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Illex coindetii

AutorSánchez, Pilar ; González, Ángel F. ; Jereb, Patrizia; Laptikhovsky, V. V.; Mangold, K. M.; Nigmatullin, Ch. M.; Ragonese, S.
Fecha de publicación1998
EditorFood and Agriculture Organisation of the United Nations
SerieFisheries Technical Paper
ResumenIllex coindetii is widely distributed in the Mediterranean, from the south of Britain to Namibia in the eastern Atlantic, and in the Caribbean, Gulf of Mexico and Straits of Florida in the western Atlantic. It grows to a maximum size of 370 and 320 mm mantle length (ML) in males and females respectively although in most areas it rarely exceeds MLs of 270 and 200 mm respectively. Data from putative daily growth increments in the statolith indicate an average life span of one year. Squid hatched in spring/summer grow slightly faster than those hatched in autumn/winter. I. coindetii preys on fish, crustaceans and cephalopods. One group is usually predominant but this varies with prey availability, size of squid and season. In males the number of spermatophores recorded in the Needham's sac ranges from 100 to 790. In females, the number of mature eggs in the oviduct and ovaries ranges from 50 000 to 200 000 depending on body size. A total of up to 800 000 oocytes have been recorded in the oviduct and ovary of a 250 mm ML female. Mature squid are present yearround, but peaks in spawning appear to occur in the spring/summer in the Sicilian Channel and northwest Atlantic off Spain, in summer off West Africa and in autumn in the Catalan Sea. The squid remain near the seabed during daytime and migrate into the water column at night. Seasonal migrations are not well understood but there appears to be a movement from shallow to deep water between summer and winter in the Catalan Sea. The life cycle of the species is poorly understood. In the Mediterranean, there are a number of cohorts each year which overlap, making analysis difficult. The species is mostly taken as a by-catch in other fisheries.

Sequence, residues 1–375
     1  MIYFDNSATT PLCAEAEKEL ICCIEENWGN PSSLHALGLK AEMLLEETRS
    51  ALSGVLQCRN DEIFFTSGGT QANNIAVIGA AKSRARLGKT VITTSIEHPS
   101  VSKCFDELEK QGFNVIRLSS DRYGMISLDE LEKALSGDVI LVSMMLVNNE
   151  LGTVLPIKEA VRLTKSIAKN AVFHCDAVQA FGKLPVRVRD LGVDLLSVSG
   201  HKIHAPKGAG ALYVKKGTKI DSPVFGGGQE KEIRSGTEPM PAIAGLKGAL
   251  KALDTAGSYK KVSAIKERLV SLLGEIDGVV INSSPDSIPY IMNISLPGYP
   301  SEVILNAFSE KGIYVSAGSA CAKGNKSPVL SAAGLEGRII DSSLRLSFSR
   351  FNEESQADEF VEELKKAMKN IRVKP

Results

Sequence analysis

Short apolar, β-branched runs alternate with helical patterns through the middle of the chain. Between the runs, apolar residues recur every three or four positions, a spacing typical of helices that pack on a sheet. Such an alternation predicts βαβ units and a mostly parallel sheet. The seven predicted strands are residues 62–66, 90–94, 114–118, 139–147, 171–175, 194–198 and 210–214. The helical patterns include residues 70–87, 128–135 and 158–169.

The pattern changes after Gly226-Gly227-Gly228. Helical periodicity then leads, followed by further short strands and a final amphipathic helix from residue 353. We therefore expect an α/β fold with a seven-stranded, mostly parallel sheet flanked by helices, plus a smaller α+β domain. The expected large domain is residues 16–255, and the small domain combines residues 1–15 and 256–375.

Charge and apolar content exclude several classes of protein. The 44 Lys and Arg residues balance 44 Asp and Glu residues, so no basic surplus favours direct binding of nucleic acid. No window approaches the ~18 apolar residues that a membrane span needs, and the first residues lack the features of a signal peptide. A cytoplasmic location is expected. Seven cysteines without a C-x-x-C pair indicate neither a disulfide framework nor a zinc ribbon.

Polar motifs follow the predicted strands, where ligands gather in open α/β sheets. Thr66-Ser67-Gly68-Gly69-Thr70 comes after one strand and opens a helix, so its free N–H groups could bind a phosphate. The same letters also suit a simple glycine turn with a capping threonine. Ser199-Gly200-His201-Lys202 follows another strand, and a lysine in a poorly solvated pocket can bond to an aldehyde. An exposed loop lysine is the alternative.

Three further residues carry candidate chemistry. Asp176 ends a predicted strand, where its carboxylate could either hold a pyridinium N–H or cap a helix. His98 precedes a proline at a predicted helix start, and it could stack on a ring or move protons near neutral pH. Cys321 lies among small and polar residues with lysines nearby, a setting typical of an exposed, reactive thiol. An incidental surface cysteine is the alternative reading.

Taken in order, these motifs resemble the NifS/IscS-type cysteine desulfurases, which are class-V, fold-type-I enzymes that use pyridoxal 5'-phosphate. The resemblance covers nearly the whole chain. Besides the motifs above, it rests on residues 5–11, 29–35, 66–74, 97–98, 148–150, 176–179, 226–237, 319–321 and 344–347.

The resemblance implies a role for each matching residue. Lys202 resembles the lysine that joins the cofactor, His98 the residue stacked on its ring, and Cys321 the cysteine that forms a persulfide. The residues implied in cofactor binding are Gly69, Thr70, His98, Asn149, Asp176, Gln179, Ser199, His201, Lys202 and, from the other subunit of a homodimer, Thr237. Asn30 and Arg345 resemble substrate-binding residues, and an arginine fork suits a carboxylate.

Descripción18 pages, 8 figures, 5 tables.-- Chapter 4 of the book tittle: Squid recruitment dynamics. The genus Illex as a model. The commercial Illex species. Influences on variability.
Versión del editorftp://ftp.fao.org/docrep/fao/008/w9000e/w9000e04.pdf
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